The standard-of-care treatments can be effective, but they are not a cure. Dr. Tuveson envisions the organoids as a tool enabling doctors to pick the right standard-of-care therapy for each patient at the on-set of their treatment. While a patient’s biopsy is being analyzed to confirm the presence of cancer, it also will be used to grow an organoid. Ideally, by the time the patient is ready to start their first treatment, the organoid will have determined the best treatment option. This personalized chemotherapy treatment will shrink the cancer in preparation for life-saving personalized immunotherapy or targeted therapy. While the patient is receiving the chemotherapy predicted by the organoid, the organoid will then test various immunotherapies, informing the doctor which will work for a patient. This one-two punch may be the future way of treating, and hopefully curing, this disease.
LustgartenLive! is made possible by the generous support of Ipsen.
Thank you to the following donors for supporting the Foundation’s personalized medicine projects:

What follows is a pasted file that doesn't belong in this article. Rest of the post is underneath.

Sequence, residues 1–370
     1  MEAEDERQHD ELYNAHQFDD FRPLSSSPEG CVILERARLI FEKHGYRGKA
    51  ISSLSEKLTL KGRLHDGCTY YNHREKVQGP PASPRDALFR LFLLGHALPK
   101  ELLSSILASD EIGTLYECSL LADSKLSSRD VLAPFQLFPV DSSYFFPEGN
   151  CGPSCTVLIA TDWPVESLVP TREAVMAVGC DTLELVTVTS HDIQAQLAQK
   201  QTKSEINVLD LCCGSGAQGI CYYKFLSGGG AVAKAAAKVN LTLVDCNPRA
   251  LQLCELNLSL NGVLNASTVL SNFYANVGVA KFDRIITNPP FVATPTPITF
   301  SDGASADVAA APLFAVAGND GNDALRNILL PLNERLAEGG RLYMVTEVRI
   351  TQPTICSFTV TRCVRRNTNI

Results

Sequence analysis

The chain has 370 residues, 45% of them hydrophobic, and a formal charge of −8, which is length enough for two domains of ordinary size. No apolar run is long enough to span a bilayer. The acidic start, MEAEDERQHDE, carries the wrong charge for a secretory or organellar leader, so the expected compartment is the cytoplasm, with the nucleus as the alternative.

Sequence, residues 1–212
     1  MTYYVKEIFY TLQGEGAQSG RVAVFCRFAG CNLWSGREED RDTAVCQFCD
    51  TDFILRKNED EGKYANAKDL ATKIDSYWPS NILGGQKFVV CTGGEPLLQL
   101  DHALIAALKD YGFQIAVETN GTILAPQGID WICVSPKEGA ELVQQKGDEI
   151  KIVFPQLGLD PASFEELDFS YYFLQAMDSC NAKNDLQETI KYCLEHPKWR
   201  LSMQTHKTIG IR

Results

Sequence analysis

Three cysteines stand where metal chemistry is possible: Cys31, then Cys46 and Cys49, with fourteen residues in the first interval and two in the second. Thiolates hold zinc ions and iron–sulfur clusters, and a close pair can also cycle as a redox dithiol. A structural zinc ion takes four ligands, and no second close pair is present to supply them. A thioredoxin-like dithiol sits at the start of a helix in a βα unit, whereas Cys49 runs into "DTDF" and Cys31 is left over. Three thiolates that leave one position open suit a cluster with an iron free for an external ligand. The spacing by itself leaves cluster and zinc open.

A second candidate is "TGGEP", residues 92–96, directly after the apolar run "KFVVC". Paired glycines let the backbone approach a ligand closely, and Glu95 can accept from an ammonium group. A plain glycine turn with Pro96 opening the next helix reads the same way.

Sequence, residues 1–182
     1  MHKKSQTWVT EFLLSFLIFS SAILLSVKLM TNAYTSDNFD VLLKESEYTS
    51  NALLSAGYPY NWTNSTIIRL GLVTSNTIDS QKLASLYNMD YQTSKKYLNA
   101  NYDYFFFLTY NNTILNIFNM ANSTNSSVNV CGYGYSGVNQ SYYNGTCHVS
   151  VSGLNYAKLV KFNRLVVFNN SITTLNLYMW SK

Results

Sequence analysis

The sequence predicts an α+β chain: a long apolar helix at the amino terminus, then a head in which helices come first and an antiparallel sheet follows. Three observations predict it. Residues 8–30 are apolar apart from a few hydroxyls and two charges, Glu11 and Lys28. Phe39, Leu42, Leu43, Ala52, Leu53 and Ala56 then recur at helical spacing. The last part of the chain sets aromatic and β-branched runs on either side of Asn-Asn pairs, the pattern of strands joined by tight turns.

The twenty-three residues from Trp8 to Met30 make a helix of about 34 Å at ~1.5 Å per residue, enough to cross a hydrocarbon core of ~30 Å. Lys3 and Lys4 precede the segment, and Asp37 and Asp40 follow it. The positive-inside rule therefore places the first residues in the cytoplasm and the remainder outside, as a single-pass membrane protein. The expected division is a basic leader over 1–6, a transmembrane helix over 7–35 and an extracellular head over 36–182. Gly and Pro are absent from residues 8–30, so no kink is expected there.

Cornelia T. Bailey Foundation
A test that spots pancreatic cancer from a single drop of blood could improve survival rates. The first blood test for early diagnosis of the hard-to-spot disease, it could be available within months.
Pancreatic cancer has the lowest survival rate of the common cancers, with 7.3 per cent of patients alive five years after diagnosis, compared to 58.4 per cent of bowel cancer patients and 85 per cent of breast cancer patients.
The disease is one of the hardest to diagnose early. This is partly because the pancreas — a pear-shaped gland that makes digestive juices and hormones including insulin — is hidden behind the stomach, making it difficult for tumours to be felt or seen on scans.